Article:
Deep-voiced twenty-something blonde Holmes had a vision of performing up to 250 different blood tests on a single drop of blood from a fingertip. The tests would be fully automated, and performed by Edison, a robotic device about the size of a small moving box.
The young and attractive Holmes was outstanding at obtaining venture funding and generating publicity. Theranos had a dream board of directors that included famous nonagenarians Henry Kissinger and George Schulz. What she never had was a working Edison box. Theranos entered a partnership with the extensive Walgreens pharmacy franchise to provide blood work to the public. The blood work was purportedly performed by Edison, but was instead done by Theranos' onsite lab workers. Essentially, it was a blood work lab that posed as an inventor and manufacturer of blood work machines.
Journalist John Carreyrou of the Wall Street Journal grew skeptical of Theranos and its founder, who was long on vision and promises but short on details about the magic Edison box. Whistleblowers came forward, notably Erika Cheung and Tyler Shulz, and their revelations promptly sent Theranos' prospects tumbling into dissolution. But not before the Theranos legal department stalked whistleblowers and harassed them with court filings.
But through it all, Holmes remained on note that the Edison box would soon be working, and all was well. As of the time of writing, Holmes is on Federal trial for multiple counts of fraud, along with Theranos COO Ramesh Balwani, a rah-rah salesman and romantic partner of Holmes during the firm's few halcyon years.
Weep not for Elizabeth Holmes, who lives in a 100M mansion and whose defense accuses Balwani of abuse. Most likely, she will either be found not guilty of all charges, or else serve only a couple of years of comfortable confinement at Club Fed.
The HBO documentary pares down extensive footage of Holmes and her unblinking, staring eyes, dark turtleneck sweaters, and "the future is now" presentations. Her footage is accompanied by interviews with former Theranos employees and a few outsiders (mostly journalists) who knew Holmes and found her evasive on specifics.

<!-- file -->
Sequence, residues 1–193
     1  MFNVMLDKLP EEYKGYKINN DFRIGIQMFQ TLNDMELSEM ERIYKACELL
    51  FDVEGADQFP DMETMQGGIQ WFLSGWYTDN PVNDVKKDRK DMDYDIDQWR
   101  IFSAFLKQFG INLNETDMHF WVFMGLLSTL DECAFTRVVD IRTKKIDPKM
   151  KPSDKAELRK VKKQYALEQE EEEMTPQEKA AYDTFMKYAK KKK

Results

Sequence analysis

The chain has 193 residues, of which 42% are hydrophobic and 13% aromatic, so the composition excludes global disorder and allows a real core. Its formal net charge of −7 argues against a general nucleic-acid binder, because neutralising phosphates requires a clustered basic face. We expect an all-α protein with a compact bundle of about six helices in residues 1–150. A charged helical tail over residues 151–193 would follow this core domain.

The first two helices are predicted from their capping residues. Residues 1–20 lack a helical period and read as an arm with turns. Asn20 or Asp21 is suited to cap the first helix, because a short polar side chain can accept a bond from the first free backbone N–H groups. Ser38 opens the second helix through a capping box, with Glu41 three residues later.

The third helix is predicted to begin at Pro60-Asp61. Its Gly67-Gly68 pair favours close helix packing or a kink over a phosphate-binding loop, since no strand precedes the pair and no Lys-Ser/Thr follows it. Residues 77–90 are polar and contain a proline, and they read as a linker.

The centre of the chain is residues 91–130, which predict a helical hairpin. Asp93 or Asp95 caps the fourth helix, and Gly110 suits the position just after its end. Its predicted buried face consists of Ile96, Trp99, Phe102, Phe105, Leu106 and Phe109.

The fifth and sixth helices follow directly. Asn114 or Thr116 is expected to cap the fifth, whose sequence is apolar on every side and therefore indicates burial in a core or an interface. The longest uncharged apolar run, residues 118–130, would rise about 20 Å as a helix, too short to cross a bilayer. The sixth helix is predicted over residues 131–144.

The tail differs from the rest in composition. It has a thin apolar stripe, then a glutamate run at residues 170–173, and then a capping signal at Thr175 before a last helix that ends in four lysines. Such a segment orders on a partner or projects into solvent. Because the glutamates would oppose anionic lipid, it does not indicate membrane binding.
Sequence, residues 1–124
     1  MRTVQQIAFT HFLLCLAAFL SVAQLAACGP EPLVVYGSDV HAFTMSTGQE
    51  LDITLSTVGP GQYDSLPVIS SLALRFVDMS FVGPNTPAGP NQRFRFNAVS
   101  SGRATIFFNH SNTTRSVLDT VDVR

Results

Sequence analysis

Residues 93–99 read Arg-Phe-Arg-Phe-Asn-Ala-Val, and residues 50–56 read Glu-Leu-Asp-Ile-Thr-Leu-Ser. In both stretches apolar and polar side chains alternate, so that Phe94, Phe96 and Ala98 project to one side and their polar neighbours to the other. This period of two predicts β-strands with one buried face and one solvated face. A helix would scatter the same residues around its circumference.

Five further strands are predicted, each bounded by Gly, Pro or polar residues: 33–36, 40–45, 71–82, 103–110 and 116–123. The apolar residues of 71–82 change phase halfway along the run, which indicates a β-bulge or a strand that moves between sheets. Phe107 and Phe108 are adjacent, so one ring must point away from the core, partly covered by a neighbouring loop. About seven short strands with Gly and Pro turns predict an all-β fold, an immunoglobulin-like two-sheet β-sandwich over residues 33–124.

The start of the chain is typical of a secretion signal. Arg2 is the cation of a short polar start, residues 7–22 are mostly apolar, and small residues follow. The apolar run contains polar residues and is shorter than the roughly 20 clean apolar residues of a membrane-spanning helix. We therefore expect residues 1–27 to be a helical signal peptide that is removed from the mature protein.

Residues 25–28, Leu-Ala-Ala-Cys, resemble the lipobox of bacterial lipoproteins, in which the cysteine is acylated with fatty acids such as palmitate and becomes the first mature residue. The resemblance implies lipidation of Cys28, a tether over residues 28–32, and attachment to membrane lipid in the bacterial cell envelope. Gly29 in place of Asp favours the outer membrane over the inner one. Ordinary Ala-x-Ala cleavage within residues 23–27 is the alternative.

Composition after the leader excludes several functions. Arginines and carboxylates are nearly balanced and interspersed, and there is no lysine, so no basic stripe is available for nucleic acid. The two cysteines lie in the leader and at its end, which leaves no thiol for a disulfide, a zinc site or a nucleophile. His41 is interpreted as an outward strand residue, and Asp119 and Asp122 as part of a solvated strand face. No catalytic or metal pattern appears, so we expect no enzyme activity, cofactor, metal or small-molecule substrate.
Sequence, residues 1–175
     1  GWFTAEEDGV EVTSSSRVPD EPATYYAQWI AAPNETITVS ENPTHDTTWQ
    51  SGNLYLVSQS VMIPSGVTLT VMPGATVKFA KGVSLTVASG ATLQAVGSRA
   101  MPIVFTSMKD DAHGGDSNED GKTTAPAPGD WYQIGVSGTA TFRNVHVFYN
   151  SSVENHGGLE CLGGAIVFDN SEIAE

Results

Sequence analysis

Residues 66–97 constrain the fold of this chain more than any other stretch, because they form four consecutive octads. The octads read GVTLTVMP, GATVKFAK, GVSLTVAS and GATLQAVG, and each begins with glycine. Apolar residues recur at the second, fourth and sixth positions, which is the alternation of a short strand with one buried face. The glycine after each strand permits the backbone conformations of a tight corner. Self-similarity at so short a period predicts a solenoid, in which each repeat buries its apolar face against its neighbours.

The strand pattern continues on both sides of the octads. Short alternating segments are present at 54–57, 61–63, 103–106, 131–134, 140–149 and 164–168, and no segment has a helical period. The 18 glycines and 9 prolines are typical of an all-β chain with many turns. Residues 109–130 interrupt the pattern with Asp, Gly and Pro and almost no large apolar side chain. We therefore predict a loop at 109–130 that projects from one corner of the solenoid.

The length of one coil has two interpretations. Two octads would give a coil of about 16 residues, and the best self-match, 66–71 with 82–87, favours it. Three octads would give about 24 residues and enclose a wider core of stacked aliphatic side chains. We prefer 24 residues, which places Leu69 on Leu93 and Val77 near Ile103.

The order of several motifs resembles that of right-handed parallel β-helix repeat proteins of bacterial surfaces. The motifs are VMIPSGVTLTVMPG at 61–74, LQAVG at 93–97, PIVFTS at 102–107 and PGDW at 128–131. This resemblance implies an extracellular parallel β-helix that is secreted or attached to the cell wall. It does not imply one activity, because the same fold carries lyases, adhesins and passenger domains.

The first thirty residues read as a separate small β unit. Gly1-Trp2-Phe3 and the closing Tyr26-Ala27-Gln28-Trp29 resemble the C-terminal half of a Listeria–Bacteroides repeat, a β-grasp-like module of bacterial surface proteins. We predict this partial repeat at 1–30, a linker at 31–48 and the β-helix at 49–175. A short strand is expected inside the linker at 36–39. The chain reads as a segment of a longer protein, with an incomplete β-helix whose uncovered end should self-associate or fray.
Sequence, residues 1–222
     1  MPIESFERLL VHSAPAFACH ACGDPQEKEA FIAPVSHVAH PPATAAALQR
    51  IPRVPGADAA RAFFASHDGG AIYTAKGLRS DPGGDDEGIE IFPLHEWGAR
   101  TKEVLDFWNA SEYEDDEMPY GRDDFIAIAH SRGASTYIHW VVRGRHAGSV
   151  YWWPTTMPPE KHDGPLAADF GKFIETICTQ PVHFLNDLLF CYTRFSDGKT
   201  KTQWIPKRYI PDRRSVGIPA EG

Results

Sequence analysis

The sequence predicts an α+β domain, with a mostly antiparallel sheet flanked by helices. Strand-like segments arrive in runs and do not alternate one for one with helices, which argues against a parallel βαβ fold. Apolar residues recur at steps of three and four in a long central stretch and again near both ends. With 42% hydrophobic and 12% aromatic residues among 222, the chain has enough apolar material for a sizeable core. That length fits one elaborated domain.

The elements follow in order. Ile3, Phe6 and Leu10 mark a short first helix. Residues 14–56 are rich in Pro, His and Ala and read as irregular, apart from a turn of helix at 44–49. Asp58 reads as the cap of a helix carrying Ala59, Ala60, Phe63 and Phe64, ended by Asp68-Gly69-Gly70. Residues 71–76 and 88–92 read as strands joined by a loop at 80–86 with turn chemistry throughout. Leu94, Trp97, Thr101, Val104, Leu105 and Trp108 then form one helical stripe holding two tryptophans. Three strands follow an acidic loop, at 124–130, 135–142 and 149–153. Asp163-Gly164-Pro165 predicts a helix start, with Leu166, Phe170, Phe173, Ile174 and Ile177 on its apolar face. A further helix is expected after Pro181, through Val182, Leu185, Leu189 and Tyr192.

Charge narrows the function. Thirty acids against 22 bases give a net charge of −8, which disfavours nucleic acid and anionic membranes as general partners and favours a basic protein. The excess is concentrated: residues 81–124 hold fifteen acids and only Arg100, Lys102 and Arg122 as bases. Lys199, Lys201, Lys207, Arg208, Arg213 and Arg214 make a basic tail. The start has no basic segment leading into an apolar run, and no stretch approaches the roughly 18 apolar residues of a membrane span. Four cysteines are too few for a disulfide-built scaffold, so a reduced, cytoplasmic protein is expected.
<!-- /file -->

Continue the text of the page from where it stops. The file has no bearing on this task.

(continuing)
How others will see it. The documentary never played in theaters, but it nonetheless has some impressive festival nods: an Emmy Award nomination for Best Documentary; a WGA award for Best Documentary Screenplay. At imdb.com, it has a respectable 10K user votes and a 7.1 user rating that is consistent across all demographics.
The user reviews all over the map. Most reviewers are anti-Holmes and believe that the documentary, which moves slowly in chronological order, is too kind on the young visionary. Others approve of the film's deliberate pace, which sets us up for Theranos' death spiral after the Wall Street Journal piece popped its bubble.
How I felt about it. The Edison box was a robot that moved a row of syringes in and out of an array of tiny beakers. In retrospect, it was a bad idea. The syringes dripped fluid, which would in any event ruin the tests. Beakers and syringes broke, and soon the box was a gross mess of blood samples, chemicals, and broken glass. Lab workers who reached inside the box were in peril of inadvertently getting poked by the needles, which could result in the worker getting infected with, for example, syphilis. Customers at Walgreens who relied on Theranos blood work received inaccurate results with potentially deadly consequences.
What went wrong, and why does it matter? Silicon Valley startups regularly fail, with the venture capitalists losing all their money. Startups are known for a "fake it until you make it" mentality. Even the box's namesake inventor, Thomas Edison, may have lied to investors about the status of his electric light.
What is different is that at some point, certainly before the Walgreens contract, it was obvious to Theranos insiders that the Edison box was very unlikely to ever work. Holmes promised that the box could perform 250 tests on a single drop of blood. In reality, the blood work was performed by lab workers using conventional equipment made by established medical companies.
But Holmes refused to listen to her own engineers and chemists, and instead pursued a marketing conquest with a product that could never be delivered. The film implies she was mentally ill, a believer to the end in her own con.